Will lockdown spell the end in an ailing marriage, or a new beginning?
Simon Dippenaar, a local family lawyer, provided us with some insight.
The time together could re-ignite a flame that has all but died. (Getty Images)
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Traditionally January is known as 'divorce month', but as South Africa endures several weeks of an unprecedented lockdown, imposed to prevent the spread of the Covid-19 virus, it may become apparent that March or April 2020 become the top months for divorce.

Also see: Divorce rates spike in Chinese lockdown, could this be South Africa's fate too?

Reasons for the January spike include the family pressures that emerge during the festive season, combined with the enforced proximity to each other, turn a marriage from ailing to failing.

Periods of extended time together and disruption to normal routine can bring into sharp contrast small cracks and imperfections in a marriage that the spouses were able to ignore the rest of the year.

What effect, then, will an extended period of isolation, in lockdown, have on marriages already under strain?

Simon Dippenaar, a local family lawyer, provided us with some insight:

As divorce lawyers, you might expect us to root for a break-up, after all, our business is built on divorce cases. But nothing could be further from the truth.

Divorce lawyers are also known as family lawyers, and our priority is always ensuring the best possible outcome for the family.

Sometimes divorce is the best possible outcome. Children are better off in two separate calm, loving homes than under one roof with both parents constantly at war with each other.

Time for reflection 

The enforced time together caused by Covid-19 may very well cause couples to reflect on their lives together.

They will have a chance, rare in our busy lives these days, to talk about values, priorities, challenges. There may be more fights than usual, as the tedium of confinement exaggerates small irritations.

The very presence of the other person 24/7 may become unbearable.

Positive outcomes 

But something positive may happen too.

The enormity of the global pandemic and the threat to our health and very way of life may cause couples to reassess their past differences.

They may realize they had a habit of bickering over petty matters, which only now are revealed in their true insignificance.

They may bond over a shared concern for friends and neighbors, and for each other.

The time together could re-ignite a flame that has all but died, and they could find themselves watching Netflix together, playing games, and doing the things they did in the early days of their relationship.

Happy marriages

Parent24 conducted a lockdown poll which revealed that many local couples are in fact enjoying the extra time together.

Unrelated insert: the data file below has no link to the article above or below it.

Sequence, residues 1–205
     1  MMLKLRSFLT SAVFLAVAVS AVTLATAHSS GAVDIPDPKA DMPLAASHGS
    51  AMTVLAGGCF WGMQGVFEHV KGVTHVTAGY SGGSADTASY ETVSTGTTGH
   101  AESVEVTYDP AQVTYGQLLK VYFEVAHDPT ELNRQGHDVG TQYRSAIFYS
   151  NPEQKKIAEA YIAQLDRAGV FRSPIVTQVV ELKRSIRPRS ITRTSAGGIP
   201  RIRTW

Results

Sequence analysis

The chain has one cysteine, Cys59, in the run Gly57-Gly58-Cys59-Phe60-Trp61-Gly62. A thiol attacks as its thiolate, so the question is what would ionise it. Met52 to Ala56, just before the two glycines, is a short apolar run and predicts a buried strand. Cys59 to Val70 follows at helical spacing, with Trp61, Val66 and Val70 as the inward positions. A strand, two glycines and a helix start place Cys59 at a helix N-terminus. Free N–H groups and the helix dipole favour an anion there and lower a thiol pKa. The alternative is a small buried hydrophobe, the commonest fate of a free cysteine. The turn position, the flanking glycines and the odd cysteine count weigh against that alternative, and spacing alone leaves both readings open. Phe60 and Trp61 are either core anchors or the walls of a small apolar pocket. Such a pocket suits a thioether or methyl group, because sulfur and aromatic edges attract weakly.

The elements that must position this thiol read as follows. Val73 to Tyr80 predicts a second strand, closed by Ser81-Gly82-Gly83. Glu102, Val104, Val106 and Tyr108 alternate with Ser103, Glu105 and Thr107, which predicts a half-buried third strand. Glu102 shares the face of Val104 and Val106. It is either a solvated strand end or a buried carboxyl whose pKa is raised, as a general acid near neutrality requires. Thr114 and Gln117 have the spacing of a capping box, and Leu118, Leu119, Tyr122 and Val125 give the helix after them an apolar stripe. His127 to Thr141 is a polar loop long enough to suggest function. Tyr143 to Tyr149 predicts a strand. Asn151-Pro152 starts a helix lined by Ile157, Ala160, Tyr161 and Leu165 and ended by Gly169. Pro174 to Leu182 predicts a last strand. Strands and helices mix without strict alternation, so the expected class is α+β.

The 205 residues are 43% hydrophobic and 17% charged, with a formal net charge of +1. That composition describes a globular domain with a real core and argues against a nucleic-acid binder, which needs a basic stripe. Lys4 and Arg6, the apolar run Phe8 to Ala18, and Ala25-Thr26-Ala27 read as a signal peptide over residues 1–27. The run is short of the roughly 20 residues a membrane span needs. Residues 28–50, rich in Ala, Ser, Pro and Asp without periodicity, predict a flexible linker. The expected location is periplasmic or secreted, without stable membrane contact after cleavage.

How are you handling being locked in with each oth

Half of respondents said they were happy,  and 33% admitted it was tough but that they were coping. Only 17% revealed that they were unhappy and couldn't wait for the end - of the lockdown and their marriage. 

Forced togetherness

In either case, self-isolation is likely to exacerbate or accelerate a process that was partially latent and not yet obvious to either spouse.

If the marriage really has broken down irretrievably, forced togetherness may be the final straw.

It may convince both parties that they truly no longer wish to be married, and as soon as the restrictions are lifted their first port of call will be the divorce attorney. 

Space and time

For those who retain a shred of love and commitment for each other, but have experienced some difficulties in the marriage, the isolation may just give them space and time to unravel the tangled threads of their relationship and find solutions to their problems.

It may remind them of why they married in the first place.

It may mean the call to the divorce lawyer doesn’t happen, or a case already underway may be withdrawn. 

Change of heart

For some, conflict resolution may mean a redefinition of the marriage.

They may review their matrimonial regime and, in light of changes in their lives since getting married, decide to alter it via post-nuptial contract.

They may change their wills.

Change is inevitable

At this stage, we don’t know what will happen in the next few months. We don’t know if the current measures the President has put in place will be sufficient to contain the spread of the virus.

We don’t know how long we might have to live with restrictions – possibly until a vaccine is available, and we don’t know how long that will be.

Some say 12-18 months. The world is full of unknowns. Living with constant stress and uncertainty affects different people in different ways.

Some harness it to inform the creative process. Some find it very difficult to cope with.

Resilience is the key to a lasting marriage 

Couples who react differently to stress often find their relationship takes a beating, as they are unable to give each other what they need because they can’t empathize with the other’s reactions. 

When we finally come out the other side, we will all be changed. Many marriages will survive.

Some will be strengthened; some will go to the wall. The current crisis will probably not change the inevitable; it will only accelerate it.

If a couple is destined to divorce, confinement may make that apparent sooner than it otherwise would have been.

If they are resilient enough to weather the storms of marriage, they will weather the storm of Covid-19. 

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